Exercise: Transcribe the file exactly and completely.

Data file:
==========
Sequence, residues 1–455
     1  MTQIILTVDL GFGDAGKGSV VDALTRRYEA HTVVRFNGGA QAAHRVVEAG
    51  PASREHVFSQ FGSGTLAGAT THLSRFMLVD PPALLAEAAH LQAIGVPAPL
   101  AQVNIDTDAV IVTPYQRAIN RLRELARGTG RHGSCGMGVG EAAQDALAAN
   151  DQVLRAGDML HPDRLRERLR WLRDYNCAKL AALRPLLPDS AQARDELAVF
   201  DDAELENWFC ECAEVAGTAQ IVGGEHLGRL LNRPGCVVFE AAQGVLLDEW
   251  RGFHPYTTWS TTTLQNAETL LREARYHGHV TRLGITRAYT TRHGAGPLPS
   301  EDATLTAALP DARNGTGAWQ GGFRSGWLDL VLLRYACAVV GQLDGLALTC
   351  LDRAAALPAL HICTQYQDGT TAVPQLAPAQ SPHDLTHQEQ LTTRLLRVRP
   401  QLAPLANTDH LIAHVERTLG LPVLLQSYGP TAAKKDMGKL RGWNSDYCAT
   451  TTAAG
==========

Sequence, residues 1–455
     1  MTQIILTVDL GFGDAGKGSV VDALTRRYEA HTVVRFNGGA QAAHRVVEAG
    51  PASREHVFSQ FGSGTLAGAT THLSRFMLVD PPALLAEAAH LQAIGVPAPL
   101  AQVNIDTDAV IVTPYQRAIN RLRELARGTG RHGSCGMGVG EAAQDALAAN
   151  DQVLRAGDML HPDRLRERLR WLRDYNCAKL AALRPLLPDS AQARDELAVF
   201  DDAELENWFC ECAEVAGTAQ IVGGEHLGRL LNRPGCVVFE AAQGVLLDEW
   251  RGFHPYTTWS TTTLQNAETL LREARYHGHV TRLGITRAYT TRHGAGPLPS
   301  EDATLTAALP DARNGTGAWQ GGFRSGWLDL VLLRYACAVV GQLDGLALTC
   351  LDRAAALPAL HICTQYQDGT TAVPQLAPAQ SPHDLTHQEQ LTTRLLRVRP
   401  QLAPLANTDH LIAHVERTLG LPVLLQSYGP TAAKKDMGKL RGWNSDYCAT
   451  TTAAG